Stray Dogs and the Law

Stray Dogs and the Law

Although it is not yet a legal requirement (except as required by the Dangerous Dogs Act 1991), it is always a good idea to have your dog micro-chipped with its own unique identification number. This way you can be traced quickly and your dog returned safe and sound.

Under Section 2 of the Control of Dogs Order 2002, every dog on a highway or in a public place must wear a collar with the name and address of the owner inscribed on it or on a plate or badge attached to it. Failure to do so is an offence against the Animal Health Act 1981 for which an owner can be prosecuted and fined.
Any dog without a collar on a highway or in a public place may be treated as a stray dog and seized by the Local Authority.
If your dog strays, you should contact your local dog warden (through the Environmental Health Department of your Local Authority) immediately and stay in regular contact. If your dog is found by the Local Authority, you must pay the Local Authority’s reasonable expenses before it will be returned to you.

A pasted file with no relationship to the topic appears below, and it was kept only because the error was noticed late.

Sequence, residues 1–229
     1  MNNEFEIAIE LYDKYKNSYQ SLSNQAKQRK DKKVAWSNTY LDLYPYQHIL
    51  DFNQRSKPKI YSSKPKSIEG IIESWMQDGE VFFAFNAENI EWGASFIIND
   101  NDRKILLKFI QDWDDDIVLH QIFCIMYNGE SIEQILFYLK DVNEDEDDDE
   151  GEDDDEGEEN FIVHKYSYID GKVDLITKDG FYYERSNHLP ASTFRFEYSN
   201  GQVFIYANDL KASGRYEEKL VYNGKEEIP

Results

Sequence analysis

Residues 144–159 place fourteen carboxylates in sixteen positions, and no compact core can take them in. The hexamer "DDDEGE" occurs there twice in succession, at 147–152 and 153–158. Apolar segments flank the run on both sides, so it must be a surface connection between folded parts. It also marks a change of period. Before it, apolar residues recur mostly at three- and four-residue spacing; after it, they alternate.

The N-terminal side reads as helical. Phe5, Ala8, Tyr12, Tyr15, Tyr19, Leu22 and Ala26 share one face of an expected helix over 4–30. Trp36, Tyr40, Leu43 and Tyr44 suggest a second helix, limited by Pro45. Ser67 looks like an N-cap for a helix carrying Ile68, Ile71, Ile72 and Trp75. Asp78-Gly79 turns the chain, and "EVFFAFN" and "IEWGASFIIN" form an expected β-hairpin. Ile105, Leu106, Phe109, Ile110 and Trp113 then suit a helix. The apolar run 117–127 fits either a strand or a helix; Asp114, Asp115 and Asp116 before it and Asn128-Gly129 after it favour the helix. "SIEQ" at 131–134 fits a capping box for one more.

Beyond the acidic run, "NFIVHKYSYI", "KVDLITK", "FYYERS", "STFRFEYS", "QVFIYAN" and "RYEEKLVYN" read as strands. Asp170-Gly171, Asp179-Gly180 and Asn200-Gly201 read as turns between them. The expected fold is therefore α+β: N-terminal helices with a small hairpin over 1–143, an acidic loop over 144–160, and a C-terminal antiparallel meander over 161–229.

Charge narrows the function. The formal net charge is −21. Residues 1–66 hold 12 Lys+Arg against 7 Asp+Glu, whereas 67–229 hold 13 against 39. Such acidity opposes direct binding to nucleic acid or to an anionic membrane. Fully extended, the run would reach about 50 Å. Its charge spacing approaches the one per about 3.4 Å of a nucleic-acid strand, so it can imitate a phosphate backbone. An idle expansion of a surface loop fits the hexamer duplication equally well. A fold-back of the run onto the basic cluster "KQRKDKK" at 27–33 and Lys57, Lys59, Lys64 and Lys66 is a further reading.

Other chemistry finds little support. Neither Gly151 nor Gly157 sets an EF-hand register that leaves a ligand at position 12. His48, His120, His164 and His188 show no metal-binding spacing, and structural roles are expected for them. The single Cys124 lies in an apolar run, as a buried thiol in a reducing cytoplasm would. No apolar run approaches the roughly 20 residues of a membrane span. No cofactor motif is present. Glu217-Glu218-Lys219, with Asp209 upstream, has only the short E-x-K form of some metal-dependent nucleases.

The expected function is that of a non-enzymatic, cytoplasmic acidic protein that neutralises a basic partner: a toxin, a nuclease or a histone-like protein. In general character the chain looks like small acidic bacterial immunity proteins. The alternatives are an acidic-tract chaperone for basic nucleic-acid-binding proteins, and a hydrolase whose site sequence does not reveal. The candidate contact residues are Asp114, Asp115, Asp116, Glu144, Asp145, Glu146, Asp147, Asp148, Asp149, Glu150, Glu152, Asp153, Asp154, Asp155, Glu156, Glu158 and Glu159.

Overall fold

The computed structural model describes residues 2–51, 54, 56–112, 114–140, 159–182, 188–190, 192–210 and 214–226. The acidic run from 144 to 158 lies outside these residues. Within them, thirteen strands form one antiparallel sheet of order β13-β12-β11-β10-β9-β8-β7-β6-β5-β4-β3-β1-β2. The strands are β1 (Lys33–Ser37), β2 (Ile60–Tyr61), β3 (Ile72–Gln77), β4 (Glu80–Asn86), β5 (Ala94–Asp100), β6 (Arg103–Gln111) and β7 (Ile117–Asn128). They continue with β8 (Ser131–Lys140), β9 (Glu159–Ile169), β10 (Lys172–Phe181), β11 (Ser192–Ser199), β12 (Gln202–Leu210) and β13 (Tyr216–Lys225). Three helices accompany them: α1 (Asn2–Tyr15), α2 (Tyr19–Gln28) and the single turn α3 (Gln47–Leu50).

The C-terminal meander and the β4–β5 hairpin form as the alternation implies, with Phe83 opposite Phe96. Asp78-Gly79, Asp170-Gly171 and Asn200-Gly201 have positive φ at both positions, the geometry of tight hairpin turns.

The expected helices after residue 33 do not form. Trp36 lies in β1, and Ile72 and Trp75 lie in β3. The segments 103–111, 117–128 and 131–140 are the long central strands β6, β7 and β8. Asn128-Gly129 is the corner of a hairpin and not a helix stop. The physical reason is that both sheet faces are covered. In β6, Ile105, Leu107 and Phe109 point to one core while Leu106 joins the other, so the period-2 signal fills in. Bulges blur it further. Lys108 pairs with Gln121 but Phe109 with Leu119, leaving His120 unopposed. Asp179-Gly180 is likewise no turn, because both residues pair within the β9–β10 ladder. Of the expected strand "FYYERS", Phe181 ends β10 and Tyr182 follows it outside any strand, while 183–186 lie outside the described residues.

If after seven days, the owner of the stray dog does not come forward, the Local Authority may transfer the dog to someone else, transfer it to an establishment for stray dogs ( or in some areas, have it destroyed ).

If you are the finder of a stray dog you must either return it to its owner immediately or take it to your Local Authority. If you want to keep the stray dog, you must provide your name and address to the Local Authority and keep the dog for a period of not less than one month.
NB. Under Section 27(5) of the Road Traffic Act 1988 it is a criminal offence to have a dog on a designated road without the dog being on a lead.